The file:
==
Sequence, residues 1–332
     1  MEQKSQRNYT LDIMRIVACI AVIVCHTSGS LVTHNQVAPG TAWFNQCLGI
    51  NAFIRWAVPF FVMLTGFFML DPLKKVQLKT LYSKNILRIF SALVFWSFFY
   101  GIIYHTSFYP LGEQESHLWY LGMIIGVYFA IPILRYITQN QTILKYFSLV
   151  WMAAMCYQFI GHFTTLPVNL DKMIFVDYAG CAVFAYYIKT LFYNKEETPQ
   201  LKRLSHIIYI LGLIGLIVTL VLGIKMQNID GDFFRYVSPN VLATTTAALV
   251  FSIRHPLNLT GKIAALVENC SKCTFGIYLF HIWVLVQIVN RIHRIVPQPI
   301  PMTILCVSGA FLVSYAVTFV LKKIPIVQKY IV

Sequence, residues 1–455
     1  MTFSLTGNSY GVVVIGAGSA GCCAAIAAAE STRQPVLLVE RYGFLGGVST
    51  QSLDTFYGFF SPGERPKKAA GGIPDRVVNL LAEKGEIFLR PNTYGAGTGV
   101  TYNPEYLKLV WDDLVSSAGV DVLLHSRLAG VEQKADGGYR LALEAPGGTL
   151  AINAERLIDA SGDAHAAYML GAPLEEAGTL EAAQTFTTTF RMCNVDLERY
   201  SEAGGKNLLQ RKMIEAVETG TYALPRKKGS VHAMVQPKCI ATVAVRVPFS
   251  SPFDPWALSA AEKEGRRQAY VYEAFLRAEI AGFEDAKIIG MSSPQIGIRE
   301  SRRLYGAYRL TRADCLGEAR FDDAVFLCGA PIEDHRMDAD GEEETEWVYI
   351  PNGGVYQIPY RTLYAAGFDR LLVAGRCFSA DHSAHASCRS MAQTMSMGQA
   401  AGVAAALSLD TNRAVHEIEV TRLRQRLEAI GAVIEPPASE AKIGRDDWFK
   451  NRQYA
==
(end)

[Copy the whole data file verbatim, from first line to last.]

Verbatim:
Sequence, residues 1–332
     1  MEQKSQRNYT LDIMRIVACI AVIVCHTSGS LVTHNQVAPG TAWFNQCLGI
    51  NAFIRWAVPF FVMLTGFFML DPLKKVQLKT LYSKNILRIF SALVFWSFFY
   101  GIIYHTSFYP LGEQESHLWY LGMIIGVYFA IPILRYITQN QTILKYFSLV
   151  WMAAMCYQFI GHFTTLPVNL DKMIFVDYAG CAVFAYYIKT LFYNKEETPQ
   201  LKRLSHIIYI LGLIGLIVTL VLGIKMQNID GDFFRYVSPN VLATTTAALV
   251  FSIRHPLNLT GKIAALVENC SKCTFGIYLF HIWVLVQIVN RIHRIVPQPI
   301  PMTILCVSGA FLVSYAVTFV LKKIPIVQKY IV

Sequence, residues 1–455
     1  MTFSLTGNSY GVVVIGAGSA GCCAAIAAAE STRQPVLLVE RYGFLGGVST
    51  QSLDTFYGFF SPGERPKKAA GGIPDRVVNL LAEKGEIFLR PNTYGAGTGV
   101  TYNPEYLKLV WDDLVSSAGV DVLLHSRLAG VEQKADGGYR LALEAPGGTL
   151  AINAERLIDA SGDAHAAYML GAPLEEAGTL EAAQTFTTTF RMCNVDLERY
   201  SEAGGKNLLQ RKMIEAVETG TYALPRKKGS VHAMVQPKCI ATVAVRVPFS
   251  SPFDPWALSA AEKEGRRQAY VYEAFLRAEI AGFEDAKIIG MSSPQIGIRE
   301  SRRLYGAYRL TRADCLGEAR FDDAVFLCGA PIEDHRMDAD GEEETEWVYI
   351  PNGGVYQIPY RTLYAAGFDR LLVAGRCFSA DHSAHASCRS MAQTMSMGQA
   401  AGVAAALSLD TNRAVHEIEV TRLRQRLEAI GAVIEPPASE AKIGRDDWFK
   451  NRQYA